The IPCC's fifth report: the time for adaptation is now
Posted 1/04/2014 by Alex St John
On Monday, the Intergovernmental Panel on Climate Change released the second part of its Fifth Assessment Report (AR5) - Climate Change 2014: Impacts, Adaptation and Vulnerability. Unlike the first instalment of AR5, which reviewed the physical science basis of climate change, this report reviews research that outlines how climate change might affect ecosystems and societies. In Australia, most public and political discussion of climate change policy has centred on mitigation strategies – that is, how best to reduce Australia’s greenhouse gas emissions – rather than on the impacts that climate change could have, or how best to adapt to those impacts. AR5 makes it clear that climate change impacts are already being felt in Australia, and will become more severe in the future. So what might AR5 hold for Australian policymakers?
Chapter 25 predicts a variety of impacts for Australia for the 21st century, summarized by eight key regional risks:
- Constraints on water resources in southern Australia;
- Increased effects to human health and infrastructure from heatwaves;
- Increased damage to ecosystems, property and life from bushfires;
- Loss of alpine ecosystems;
- Increased frequency and severity of damage resulting from flood;
- Increased risks to coastal settlements and ecosystems from sea-level rise;
- Significant changes to coral reef systems as a result of ocean temperature and acidity changes; and
- Significant reduction in agricultural production in the Murray-Darling Basin and other areas.
AR5 indicates that some of these impacts are already locked-in to some extent, whereas others may be reduced by ‘globally effective mitigation measures’ – which is IPCC-speak for significant cuts in greenhouse gas emissions on a world-wide basis. However, even if this could be achieved, it is still likely that some impacts of climate change would be felt, making it necessary for Australians to adapt to those impacts. Adaptation to climate change is a different way of thinking about the problem – whereas mitigation hopes to prevent the problem, and requires global action, adaptation seeks to minimise the effects of climate change on people and the environment, and involves actions that can mostly be taken by a single country or region.
Although Australia is considered to have a high capacity to adapt to climate change, current progress in adaptation planning is relatively limited. Research efforts are led by the National Climate Change Adaptation Research Facility and the CSIRO’s Climate Adaptation Flagship program. The NCCARF has highlighted the problem in a policy brief, saying that “In governance terms at least, adaptation is currently perceived as the poor cousin of mitigation. It is often siloed within a single department, and neglected elsewhere within government.”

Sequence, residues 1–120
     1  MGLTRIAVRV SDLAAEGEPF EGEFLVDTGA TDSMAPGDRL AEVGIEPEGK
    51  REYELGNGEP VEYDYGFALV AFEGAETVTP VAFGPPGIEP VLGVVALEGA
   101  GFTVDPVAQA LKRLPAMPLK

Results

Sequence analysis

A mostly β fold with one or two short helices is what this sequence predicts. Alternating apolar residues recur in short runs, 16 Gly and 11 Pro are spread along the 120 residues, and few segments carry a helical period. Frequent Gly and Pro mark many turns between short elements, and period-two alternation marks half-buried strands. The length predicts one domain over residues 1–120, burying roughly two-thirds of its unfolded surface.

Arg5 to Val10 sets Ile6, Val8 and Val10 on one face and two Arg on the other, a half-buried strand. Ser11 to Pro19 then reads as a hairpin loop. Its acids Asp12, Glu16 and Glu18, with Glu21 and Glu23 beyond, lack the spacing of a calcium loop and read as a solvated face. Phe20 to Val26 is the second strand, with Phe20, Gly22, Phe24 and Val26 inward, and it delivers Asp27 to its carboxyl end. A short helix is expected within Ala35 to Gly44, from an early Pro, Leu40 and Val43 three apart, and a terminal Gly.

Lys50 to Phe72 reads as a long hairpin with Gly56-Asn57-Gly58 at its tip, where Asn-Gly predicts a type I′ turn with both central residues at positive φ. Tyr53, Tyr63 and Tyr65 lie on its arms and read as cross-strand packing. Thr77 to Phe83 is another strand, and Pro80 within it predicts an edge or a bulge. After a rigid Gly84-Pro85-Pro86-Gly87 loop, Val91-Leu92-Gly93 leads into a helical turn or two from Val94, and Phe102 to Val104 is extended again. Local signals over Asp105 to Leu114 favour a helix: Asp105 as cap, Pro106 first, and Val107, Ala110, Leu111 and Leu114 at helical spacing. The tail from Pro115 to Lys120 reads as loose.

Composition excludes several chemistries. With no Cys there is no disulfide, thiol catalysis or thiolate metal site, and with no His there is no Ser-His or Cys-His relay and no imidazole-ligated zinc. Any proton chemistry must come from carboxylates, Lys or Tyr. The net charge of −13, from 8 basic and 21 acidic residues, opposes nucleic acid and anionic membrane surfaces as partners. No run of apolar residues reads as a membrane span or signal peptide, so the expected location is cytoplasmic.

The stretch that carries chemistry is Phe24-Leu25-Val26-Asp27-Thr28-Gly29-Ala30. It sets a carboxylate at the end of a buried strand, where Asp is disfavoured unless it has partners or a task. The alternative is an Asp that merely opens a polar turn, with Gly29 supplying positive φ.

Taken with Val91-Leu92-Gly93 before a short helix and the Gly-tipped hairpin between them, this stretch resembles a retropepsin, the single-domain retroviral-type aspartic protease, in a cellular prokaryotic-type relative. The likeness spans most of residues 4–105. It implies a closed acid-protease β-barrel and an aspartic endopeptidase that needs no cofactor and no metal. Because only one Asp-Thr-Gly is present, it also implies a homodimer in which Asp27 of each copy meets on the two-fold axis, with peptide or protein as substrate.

To date, Australia’s response has been developed through the Council of Australian Governments (CoAG). In 2007, CoAG agreed on the National Climate Change Adaptation Framework, which focussed on research (‘Building and understanding adaptive capacity’) and suggested areas of potential action to reduce our vulnerability. In 2013, CoAG published ‘roles and responsibilities’ and priorities for adaptation, and the Commonwealth published a proposed National Adaptation Assessment Framework. Although these initiatives did not seem to lead to substantial action (outside of water management initiatives), there has at least been some discussion.
Response to the impacts of climate change – adaptation – is likely to concern all levels of government in Australia. For example, AR5 highlights that the seasonal range of some species is changing and that some crop yields are reducing. The Commonwealth may need to support agricultural adaptation through research and individual assistance; states and territories may need to invest in new transport infrastructure as productive areas change, and some local councils may face financial challenges if rates revenues from local agricultural industries decline.
In chapter 15 of AR5, the IPCC argues that national governments must co-ordinate responses to climate change, and form partnerships with sub-national and local governments and stakeholders. In 2012, the Productivity Commission report, Barriers to Effective Adaptation, highlighted a clear role for the Commonwealth in supporting state and local governments to plan and implement effective policies to adapt to climate change. The report noted that that there were significant governance issues in adaptation that need to be addressed. For example, although local governments are often on the front-line of responding to climate change impacts, the Commission noted that they often lacked financial resources or expertise to manage climate risks. In particular, the provision of information about climate change and adaptation was seen as a clear role for the Commonwealth, to enable effective adaptation at all levels of Government.
Although a collaborative approach to adaptation is indicated, the future of climate change as a CoAG issue is unclear; the former Select Council on Climate Change and the Standing Council on Environment and Water were both abolished in December 2013, with no logical successors apparent yet. Whether a comprehensive national climate change adaptation policy will materialise, or even be contemplated, remains uncertain.
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